No camp battle offers as much confusion, or as many names to know, as the on-going battle for receiver reps in San Francisco. Fantasy owners have every flavor to choose from, but no easy decision in front of them.
Last year's 49er passing squad proved to be one of the NFL's most efficient, ranking 18th in attempts, but 13th in both yards and touchdown passes. For a team operating below .500 in the standings those are encouraging numbers. Of course, what hasn't been encouraging is the revolving door the team has installed at quarterback. If the 49ers fail to find the right man to line up under center, all of the team's receivers will offer only limited value to fantasy owners.
If the stars do align, however, any one of the three men vying for time opposite
Hill caught more passes than Morgan or
It's a familiar story: Some guys can be good, some can be great, and a select few can be special. Crabtree showed in the Big 12 that he is already special, and few doubt that he can make a smooth transition to the pro game. Yeah, his agent threatened to have his client sit out the 2009 season and go back into the draft, and yes Crabtree may be a bit flat if/when he does arrive in camp. But those issues always appear with high-profile rookies, and things always seem to get back on track.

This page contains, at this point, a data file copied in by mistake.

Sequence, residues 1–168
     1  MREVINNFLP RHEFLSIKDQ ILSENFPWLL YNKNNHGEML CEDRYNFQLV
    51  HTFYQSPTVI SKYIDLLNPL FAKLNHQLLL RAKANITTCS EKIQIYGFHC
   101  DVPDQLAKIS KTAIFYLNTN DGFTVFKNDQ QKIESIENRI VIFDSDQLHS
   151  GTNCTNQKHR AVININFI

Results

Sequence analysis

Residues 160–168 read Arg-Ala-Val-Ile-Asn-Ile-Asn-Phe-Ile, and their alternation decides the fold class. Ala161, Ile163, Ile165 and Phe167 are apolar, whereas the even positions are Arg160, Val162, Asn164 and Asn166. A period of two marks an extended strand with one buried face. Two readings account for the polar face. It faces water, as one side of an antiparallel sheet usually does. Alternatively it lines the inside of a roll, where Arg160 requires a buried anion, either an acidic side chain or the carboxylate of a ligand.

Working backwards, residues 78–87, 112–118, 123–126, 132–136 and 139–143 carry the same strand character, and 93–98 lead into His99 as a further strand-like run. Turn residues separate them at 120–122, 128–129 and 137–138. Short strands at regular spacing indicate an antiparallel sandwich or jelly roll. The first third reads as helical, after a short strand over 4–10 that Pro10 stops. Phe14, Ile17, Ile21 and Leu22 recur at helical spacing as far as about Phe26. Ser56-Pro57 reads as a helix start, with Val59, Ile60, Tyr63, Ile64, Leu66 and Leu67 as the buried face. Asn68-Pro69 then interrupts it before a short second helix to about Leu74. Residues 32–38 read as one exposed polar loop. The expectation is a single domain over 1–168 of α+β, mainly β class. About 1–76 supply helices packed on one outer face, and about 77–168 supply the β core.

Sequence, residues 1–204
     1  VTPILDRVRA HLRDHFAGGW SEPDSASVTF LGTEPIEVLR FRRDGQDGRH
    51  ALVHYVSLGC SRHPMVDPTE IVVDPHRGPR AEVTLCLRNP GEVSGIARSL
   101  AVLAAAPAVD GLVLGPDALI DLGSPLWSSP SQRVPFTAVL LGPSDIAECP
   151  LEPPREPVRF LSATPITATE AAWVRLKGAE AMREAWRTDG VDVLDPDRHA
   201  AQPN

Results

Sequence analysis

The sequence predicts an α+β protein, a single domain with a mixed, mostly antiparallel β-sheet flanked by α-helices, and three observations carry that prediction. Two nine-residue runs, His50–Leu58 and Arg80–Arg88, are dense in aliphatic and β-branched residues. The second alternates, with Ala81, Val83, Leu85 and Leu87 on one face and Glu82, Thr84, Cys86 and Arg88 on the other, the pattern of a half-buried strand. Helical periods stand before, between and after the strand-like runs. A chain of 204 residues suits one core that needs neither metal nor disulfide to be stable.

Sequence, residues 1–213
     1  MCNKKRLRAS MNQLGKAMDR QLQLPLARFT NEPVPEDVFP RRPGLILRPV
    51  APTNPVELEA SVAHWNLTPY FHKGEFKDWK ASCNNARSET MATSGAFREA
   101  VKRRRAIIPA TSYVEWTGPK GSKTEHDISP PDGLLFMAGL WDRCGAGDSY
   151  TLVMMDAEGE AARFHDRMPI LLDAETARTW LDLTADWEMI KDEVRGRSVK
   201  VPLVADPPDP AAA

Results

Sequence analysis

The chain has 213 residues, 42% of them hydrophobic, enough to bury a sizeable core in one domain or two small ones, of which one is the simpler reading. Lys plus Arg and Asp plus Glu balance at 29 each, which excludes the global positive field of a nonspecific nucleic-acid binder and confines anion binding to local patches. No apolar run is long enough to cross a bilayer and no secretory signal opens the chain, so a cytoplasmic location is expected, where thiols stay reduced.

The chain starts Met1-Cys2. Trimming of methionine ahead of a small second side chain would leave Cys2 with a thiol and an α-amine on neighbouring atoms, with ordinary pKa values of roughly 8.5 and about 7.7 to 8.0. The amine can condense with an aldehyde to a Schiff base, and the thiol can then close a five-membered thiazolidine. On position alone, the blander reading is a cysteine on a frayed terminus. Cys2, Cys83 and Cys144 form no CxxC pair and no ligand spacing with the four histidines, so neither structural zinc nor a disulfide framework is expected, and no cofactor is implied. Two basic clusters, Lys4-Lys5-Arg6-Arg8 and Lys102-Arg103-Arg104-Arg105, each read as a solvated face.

What fantasy owners need to ask themselves is this: Who can help my team? In most leagues, Morgan and Jones have enough potential to make a roster, while Crabtree has more than enough potential to make a difference.